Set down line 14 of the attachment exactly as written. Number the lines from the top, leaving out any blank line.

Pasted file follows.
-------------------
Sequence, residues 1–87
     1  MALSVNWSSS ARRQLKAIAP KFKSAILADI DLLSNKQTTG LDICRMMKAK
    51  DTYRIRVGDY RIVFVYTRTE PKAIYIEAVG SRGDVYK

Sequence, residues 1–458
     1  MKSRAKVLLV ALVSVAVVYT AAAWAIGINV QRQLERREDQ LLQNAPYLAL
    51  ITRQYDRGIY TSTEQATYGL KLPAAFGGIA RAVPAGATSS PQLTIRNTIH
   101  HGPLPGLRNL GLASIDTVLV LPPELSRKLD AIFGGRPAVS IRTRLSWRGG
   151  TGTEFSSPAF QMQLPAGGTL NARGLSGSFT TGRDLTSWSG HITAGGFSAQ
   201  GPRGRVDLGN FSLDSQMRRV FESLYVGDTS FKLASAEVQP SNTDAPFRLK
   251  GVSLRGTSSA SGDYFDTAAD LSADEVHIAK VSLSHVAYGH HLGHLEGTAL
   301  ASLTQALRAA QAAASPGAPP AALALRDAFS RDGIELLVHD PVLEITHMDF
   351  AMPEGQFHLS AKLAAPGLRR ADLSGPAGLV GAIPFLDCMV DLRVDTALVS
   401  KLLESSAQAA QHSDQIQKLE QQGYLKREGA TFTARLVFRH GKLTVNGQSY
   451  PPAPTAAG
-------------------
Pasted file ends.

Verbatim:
   451  PPAPTAAG